http://www.schuerig.de/michael/


#6

On Tuesday 12 May 2009, Jim B. wrote:

%x{echo gotcha}
“dd-mm-yyyy” (including hyphens).
Why? IMHO, the best you can do is have a look at how date_select works,
you’ll notice that it already does what you’re trying to do. For the
long story see the code in date_helper.rb and date_helper_test.rb
somewhere in ActionView and
Activerecord::Base#assign_multiparameter_attributes. For the short
story, name your fields

dob(1i), dob(2i), and dob(3i) and have ActiveRecord put together these
parts.

In the form the maximum length of dob_day and dob_year are 2
characters. The maximum length of dob_year is 4 characters.

Therefore (I hope) it is not possible to enter “%x{echo gotcha}”.

Careful! It may not be possible to enter anything exceeding the max
length in the average browser, but that doesn’t stop anyone to submit
requests to your app with other tools.

Now the question to make you slap your hand on your head and look at
the ceiling:
What would this do, anyway?

%x{echo gotcha} is another way of writing echo gotcha. Each of these
executes the given command(s) with the right of the current user. It’s
like that you wouldn’t enter cd $HOME; rm -rf by yourself, so you’d
better not give someone else an opportunity to enter %x{cd $HOME, rm -
rf} for you.

Do you have any comments, ideas, criticism about doing things this
way?

I found relatively little on the inputing of dates in forms using
Rails online (date select is genuinely rubbish) and the form should
also run without javascript. Therefore I put this method together
myself and would be very grateful if anyone could point out if there
are any massive security exploits that I have overlooked.

Passing arbitrary, user-provided strings to eval or class_eval is a
huge security hole.

Michael


Michael S.
mailto:removed_email_address@domain.invalid
http://www.schuerig.de/michael/


#7

On Tuesday 12 May 2009, Jim B. wrote:

giving date_select false input (eg. enetering 31st February with no
year. http://www.ruby-forum.com/topic/183310)

The app does not crash, it just reacts with an exception to malformed
input data. I think Fred Cheung’s suggestion in that thread is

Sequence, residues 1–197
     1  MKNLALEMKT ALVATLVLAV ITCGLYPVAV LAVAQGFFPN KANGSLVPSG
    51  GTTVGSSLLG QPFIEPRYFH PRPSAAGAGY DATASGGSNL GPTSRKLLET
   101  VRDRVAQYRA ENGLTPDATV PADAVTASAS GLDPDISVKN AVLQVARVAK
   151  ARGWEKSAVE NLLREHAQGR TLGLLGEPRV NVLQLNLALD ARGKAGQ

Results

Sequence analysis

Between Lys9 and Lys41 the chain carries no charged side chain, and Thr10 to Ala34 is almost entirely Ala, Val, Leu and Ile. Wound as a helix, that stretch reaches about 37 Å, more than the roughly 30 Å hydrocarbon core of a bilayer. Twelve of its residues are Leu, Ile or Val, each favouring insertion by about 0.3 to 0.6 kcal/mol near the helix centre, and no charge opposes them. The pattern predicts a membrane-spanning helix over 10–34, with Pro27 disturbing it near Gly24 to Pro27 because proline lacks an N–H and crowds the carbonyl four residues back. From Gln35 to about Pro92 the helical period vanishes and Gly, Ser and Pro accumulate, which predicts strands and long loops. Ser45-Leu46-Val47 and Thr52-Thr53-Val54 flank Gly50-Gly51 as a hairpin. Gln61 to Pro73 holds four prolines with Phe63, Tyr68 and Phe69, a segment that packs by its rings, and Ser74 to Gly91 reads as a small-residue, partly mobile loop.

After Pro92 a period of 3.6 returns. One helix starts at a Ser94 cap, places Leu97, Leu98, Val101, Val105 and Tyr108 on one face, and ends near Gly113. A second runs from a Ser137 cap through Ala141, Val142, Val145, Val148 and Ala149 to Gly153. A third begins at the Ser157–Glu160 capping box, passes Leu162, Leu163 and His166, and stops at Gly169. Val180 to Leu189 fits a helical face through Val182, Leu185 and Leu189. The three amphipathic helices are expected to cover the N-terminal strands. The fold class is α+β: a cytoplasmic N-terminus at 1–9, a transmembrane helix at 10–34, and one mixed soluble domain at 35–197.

completely right: Catch that exception and handle it. From the
ActiveRecord::MultiparameterAssignmentErrors exception you can even find
out which attributes were involved an generate a nice error message.

that make no difference?
You can, of course, do your own sanitizing of input data. But in this
particular case I don’t see the point. You still need to avoid anomalies
like February, 31st. I don’t see any advantage in doing this stuff
yourself instead of giving ActiveRecord a chance and mop up in case it
indicates a problem. Don’t get to enamored with your current approach.

Michael


Michael S.
mailto:removed_email_address@domain.invalid
http://www.schuerig.de/michael/


#8

Hi Michael,
Thanks for the reply.

“dd-mm-yyyy” (including hyphens).
Why? IMHO, the best you can do is have a look at how date_select works,
you’ll notice that it already does what you’re trying to do.

But isn’t date_select really feeble?
For example it is very easy to make the whole application crash by
giving date_select false input (eg. enetering 31st February with no
year. http://www.ruby-forum.com/topic/183310)

Careful! It may not be possible to enter anything exceeding the max
length in the average browser, but that doesn’t stop anyone to submit
requests to your app with other tools.

Good point.

%x{echo gotcha} is another way of writing echo gotcha. Each of these
executes the given command(s) with the right of the current user. It’s
like that you wouldn’t enter cd $HOME; rm -rf by yourself, so you’d
better not give someone else an opportunity to enter %x{cd $HOME, rm -
rf} for you.

Even better point.

Passing arbitrary, user-provided strings to eval or class_eval is a
huge security hole.

You’re right.
I did have everything working without using eval.